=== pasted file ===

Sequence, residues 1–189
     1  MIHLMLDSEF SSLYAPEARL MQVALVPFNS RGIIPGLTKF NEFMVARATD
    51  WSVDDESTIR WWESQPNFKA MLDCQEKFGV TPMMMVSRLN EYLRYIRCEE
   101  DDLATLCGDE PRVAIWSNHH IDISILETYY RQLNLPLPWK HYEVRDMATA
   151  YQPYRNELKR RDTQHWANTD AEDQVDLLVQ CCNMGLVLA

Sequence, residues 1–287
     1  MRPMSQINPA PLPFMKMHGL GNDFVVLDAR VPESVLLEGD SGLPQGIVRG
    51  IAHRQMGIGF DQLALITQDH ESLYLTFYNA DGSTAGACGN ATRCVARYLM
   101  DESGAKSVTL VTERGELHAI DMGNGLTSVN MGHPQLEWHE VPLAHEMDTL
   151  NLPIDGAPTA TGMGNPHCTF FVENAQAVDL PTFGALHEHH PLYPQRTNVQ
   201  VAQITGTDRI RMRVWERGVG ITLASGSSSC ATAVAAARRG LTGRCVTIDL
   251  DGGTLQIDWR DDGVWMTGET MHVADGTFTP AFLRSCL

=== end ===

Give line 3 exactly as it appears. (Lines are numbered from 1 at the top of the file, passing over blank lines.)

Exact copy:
    51  WSVDDESTIR WWESQPNFKA MLDCQEKFGV TPMMMVSRLN EYLRYIRCEE